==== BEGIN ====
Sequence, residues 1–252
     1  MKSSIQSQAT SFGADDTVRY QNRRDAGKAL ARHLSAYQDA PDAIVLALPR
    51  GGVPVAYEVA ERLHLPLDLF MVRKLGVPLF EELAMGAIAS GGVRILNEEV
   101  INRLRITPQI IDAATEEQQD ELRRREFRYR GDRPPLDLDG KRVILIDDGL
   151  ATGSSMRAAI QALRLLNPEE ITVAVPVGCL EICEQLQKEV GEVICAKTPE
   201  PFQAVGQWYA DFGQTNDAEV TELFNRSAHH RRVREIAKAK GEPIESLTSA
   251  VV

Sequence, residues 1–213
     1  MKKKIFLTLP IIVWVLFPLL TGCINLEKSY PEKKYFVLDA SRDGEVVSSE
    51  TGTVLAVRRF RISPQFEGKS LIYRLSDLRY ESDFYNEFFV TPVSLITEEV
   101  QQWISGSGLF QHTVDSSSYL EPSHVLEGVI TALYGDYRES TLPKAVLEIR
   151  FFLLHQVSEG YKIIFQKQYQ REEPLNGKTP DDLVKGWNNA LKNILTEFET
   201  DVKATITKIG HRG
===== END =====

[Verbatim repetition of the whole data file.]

Sequence, residues 1–252
     1  MKSSIQSQAT SFGADDTVRY QNRRDAGKAL ARHLSAYQDA PDAIVLALPR
    51  GGVPVAYEVA ERLHLPLDLF MVRKLGVPLF EELAMGAIAS GGVRILNEEV
   101  INRLRITPQI IDAATEEQQD ELRRREFRYR GDRPPLDLDG KRVILIDDGL
   151  ATGSSMRAAI QALRLLNPEE ITVAVPVGCL EICEQLQKEV GEVICAKTPE
   201  PFQAVGQWYA DFGQTNDAEV TELFNRSAHH RRVREIAKAK GEPIESLTSA
   251  VV

Sequence, residues 1–213
     1  MKKKIFLTLP IIVWVLFPLL TGCINLEKSY PEKKYFVLDA SRDGEVVSSE
    51  TGTVLAVRRF RISPQFEGKS LIYRLSDLRY ESDFYNEFFV TPVSLITEEV
   101  QQWISGSGLF QHTVDSSSYL EPSHVLEGVI TALYGDYRES TLPKAVLEIR
   151  FFLLHQVSEG YKIIFQKQYQ REEPLNGKTP DDLVKGWNNA LKNILTEFET
   201  DVKATITKIG HRG